Ginger Kid: Mostly True Tales of a Former Nerd
Published on March 20, 2018
About Ginger Kid
In Ginger Kid, popular comedian Steve Hofstetter grapples with life after seventh grade . . . when his world fell apart. Formatted as a series of personal essays, Steve walks his readers through awkward early dating, family turbulence, and the revenge of the bullied nerds. This YA nonfiction is sure to be the beloved next volume for the first generation of Wimpy Kid fans who are all grown up and ready for a new misfit hero.
A fun, easy, read that’s deceitfully informative. Each essay delivers laughs and lessons together, from things Hofstetter learned about girls and relationships to his development as a comedian. I liked the gently self-deprecating, funny way the stories are related. The short sections are perfect for readers with short gaps of time for reading—perfect for me right now!
I liked that even though the stories often have a moral lesson to them, it felt very personal rather than instructive. The scenes about improv made me want to play the games he described or join a local improv group—they sounded like so much fun!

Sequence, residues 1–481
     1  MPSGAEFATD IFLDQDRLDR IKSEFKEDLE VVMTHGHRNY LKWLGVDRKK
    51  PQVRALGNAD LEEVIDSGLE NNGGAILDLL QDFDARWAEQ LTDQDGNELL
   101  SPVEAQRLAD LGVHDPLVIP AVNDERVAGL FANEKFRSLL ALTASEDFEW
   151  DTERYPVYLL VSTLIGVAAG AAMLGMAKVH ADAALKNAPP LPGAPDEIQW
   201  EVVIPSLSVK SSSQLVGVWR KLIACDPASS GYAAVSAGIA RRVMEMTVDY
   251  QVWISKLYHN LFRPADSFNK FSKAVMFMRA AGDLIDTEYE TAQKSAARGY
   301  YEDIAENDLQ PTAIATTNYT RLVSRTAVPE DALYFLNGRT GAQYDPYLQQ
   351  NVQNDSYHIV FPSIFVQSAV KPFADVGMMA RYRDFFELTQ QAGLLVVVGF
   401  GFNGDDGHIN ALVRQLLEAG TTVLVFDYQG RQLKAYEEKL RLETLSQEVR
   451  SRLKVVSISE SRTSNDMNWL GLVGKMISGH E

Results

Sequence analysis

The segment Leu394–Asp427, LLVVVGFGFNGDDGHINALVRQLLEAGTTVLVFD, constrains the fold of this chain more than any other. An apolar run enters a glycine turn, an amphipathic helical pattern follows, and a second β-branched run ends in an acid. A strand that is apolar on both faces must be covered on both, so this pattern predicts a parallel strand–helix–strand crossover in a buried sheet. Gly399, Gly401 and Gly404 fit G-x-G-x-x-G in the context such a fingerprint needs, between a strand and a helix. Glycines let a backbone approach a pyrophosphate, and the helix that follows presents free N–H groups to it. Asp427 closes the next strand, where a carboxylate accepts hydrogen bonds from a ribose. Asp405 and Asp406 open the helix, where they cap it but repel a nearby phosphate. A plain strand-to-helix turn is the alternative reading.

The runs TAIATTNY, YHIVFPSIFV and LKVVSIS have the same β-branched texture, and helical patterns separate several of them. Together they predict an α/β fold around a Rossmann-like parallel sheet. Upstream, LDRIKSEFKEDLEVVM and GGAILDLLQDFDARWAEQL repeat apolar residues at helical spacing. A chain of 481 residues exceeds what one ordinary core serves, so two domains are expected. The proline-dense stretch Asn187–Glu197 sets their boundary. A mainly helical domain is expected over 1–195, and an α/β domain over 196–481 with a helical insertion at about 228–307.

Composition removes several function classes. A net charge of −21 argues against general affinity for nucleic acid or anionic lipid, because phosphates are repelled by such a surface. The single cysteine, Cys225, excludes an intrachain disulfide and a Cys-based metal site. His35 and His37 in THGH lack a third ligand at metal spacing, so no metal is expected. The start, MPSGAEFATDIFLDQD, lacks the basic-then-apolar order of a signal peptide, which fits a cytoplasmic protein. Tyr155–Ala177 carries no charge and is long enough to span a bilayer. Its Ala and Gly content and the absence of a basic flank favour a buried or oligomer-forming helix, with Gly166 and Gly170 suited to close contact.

Ginger Kid is a great read not just for misfits but for anyone who has ever felt awkward in a crowd or wrestled with self-discovery. If you’re looking for a lighthearted read, add this one to your list for sure!
Steve is from a Jewish family. He describes (very positive) experiences he had as part of a youth group for Jewish kids.
Profanity/Crude Language Content
Roughly a dozen instances of mild profanity.
Some descriptions of kissing girls. He alludes to more, describing one girlfriend as a “sexual person,” though he doesn’t specify further.
See cultural elements.
A bully threatens to hit Steve.
Some mentions of drinking alcohol.